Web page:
Dondero continued, “Since 9/11 Paul has become a complete nutcase conspiratorialist quasi-Anti-Semitic leftwing American-hating nutball.”
These were strong words from a former aide to Mr. Paul (from 1997 – 2003) and words worthy of investigation in my mind. So I decided to investigate, which in politics always means, follow the money.
Where is all that money coming from?
Upon investigation, it appears that Mr. Dondero is exactly right. Much of Ron Paul’s money is not coming from mainstream Libertarians or Republicans.
Although he is running as a Republican, he actually has very little support from rank and file Republicans, as every national Republican poll confirms. But it turns out that he has very little support from mainstream Libertarians either. As Dondero pointed out, “Ron Paul is only attracting support from the leftwing side of the libertarian spectrum, virtually none of whom are Republicans.”
According to official campaign fund raising filings posted at www.opensecrets.org, Ron Paul’s top contributor is well known internet giant Google. Google, with Al Gore on the board of directors, has a long history of progressive political activism, both in the way they censor search results to bury conservative slanted stories, and in their campaign contribution habits, which is solidly Democrat, with the exception of Ron Paul.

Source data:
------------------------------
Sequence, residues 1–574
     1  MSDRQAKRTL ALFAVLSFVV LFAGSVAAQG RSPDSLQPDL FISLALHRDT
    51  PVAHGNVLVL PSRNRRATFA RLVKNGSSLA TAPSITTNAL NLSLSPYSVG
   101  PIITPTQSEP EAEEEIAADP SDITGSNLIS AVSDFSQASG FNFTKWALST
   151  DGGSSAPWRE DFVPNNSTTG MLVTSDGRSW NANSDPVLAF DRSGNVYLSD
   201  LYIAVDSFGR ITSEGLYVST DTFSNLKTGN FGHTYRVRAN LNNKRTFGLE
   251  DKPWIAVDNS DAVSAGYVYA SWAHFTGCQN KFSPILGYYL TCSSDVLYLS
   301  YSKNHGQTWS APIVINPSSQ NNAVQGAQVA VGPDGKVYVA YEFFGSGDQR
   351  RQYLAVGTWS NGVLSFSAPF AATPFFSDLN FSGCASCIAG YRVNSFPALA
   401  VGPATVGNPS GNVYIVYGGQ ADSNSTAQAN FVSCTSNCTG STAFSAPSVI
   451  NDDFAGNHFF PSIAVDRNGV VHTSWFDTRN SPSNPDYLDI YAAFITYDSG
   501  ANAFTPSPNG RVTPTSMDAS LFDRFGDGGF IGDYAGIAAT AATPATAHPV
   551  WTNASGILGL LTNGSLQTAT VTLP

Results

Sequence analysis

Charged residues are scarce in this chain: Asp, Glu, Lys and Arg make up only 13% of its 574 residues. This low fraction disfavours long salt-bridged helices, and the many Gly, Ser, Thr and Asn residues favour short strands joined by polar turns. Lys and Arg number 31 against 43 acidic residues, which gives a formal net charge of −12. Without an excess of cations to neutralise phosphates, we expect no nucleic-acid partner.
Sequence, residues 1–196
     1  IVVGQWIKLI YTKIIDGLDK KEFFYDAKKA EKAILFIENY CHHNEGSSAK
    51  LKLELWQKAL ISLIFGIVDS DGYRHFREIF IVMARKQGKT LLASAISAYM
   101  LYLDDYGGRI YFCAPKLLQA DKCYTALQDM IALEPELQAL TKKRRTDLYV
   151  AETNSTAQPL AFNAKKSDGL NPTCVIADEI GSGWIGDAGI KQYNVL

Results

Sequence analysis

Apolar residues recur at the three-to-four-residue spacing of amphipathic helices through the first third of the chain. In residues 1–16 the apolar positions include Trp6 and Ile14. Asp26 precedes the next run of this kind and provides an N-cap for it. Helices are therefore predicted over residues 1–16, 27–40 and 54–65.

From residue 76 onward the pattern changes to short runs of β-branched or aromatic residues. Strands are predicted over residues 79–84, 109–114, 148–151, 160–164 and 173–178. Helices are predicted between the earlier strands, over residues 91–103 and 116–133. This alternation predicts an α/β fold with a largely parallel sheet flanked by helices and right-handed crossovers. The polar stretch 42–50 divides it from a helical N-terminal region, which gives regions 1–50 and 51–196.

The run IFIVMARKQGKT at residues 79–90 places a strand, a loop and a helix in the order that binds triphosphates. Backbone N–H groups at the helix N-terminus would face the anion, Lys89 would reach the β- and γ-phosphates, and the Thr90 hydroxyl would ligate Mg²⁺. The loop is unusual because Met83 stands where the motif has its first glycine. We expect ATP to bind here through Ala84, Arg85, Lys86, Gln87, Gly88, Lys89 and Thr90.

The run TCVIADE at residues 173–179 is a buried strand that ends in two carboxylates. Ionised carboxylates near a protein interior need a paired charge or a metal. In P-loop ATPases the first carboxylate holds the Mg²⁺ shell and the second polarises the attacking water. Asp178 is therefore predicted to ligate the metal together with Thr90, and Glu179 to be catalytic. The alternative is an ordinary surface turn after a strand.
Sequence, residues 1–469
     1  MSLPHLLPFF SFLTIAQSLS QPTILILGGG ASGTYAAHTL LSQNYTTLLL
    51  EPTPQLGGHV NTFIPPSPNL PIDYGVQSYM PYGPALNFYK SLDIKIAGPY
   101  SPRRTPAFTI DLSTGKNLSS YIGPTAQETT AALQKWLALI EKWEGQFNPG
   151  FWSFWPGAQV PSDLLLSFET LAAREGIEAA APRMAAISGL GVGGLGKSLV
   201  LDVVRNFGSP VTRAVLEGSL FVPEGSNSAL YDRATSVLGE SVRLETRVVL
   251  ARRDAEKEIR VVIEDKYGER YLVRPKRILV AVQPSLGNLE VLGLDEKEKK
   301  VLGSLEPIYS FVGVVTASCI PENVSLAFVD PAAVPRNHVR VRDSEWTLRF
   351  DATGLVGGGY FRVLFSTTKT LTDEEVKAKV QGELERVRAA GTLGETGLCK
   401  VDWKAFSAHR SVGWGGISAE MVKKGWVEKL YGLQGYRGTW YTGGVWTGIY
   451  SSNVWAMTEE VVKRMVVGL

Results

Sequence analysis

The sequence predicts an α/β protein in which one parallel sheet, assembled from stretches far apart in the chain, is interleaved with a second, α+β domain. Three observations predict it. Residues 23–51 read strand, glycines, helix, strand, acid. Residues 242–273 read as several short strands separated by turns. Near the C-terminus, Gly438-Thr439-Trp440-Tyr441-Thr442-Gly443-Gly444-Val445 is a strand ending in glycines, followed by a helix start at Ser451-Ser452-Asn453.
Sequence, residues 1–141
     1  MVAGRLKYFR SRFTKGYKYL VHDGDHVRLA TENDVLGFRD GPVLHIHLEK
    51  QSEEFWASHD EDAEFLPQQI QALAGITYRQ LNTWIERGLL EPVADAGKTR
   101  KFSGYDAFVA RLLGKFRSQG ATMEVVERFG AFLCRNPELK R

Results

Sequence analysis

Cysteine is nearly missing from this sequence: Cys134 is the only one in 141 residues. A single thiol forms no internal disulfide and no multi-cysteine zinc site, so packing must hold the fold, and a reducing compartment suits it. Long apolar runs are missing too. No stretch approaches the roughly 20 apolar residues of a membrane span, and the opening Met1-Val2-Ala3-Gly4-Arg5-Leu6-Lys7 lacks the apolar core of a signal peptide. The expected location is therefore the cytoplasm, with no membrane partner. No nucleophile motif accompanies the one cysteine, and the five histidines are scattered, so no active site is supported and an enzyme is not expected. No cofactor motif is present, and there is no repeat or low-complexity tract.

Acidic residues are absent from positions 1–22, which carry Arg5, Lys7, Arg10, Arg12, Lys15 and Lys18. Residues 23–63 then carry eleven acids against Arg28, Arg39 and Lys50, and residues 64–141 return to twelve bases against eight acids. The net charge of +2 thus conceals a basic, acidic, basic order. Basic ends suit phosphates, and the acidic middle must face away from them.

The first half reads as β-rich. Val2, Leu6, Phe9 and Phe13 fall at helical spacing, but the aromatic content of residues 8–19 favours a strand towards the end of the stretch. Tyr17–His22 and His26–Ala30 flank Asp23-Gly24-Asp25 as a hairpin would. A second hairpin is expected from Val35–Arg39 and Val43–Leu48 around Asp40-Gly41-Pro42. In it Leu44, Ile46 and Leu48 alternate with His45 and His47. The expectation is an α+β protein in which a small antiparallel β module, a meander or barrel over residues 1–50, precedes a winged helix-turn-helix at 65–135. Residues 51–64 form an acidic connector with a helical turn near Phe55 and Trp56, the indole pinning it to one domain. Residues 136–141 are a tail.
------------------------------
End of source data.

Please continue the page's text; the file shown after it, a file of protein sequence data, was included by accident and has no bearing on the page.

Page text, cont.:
Like Howard Dean before him, Ron Paul first grabbed headlines with his very hi-tech internet campaign, which is now easily explained by the fact that his largest constituency is in the computer tech community. It also explains how Paul supporters have perfected the art of “spamming” or “jamming” online polls, creating a false impression of bigger support while invalidating poll after poll. Other tech giants like Microsoft and Verizon top his donors list as well.
Among Ron Paul’s top donor zip codes are of course parts of Texas, but also heavily liberal districts in Chicago (60614), San Francisco (94117), more than 80% of which supports Nancy Pelosi and Barbara Boxer, and Los Angeles – Long Beach, which is his second largest donor area after Dallas.
What we have here is a candidate trying to win the Republican nomination by raising money from liberals across the political aisle.
This is why his fund-raising is not translating to improved poll positions
His donors are not Republicans. So no matter how much money he raises, it is not translating into Republican support in the polls. He remains at or below 5% support in every national Republican poll, no matter how much money he raises.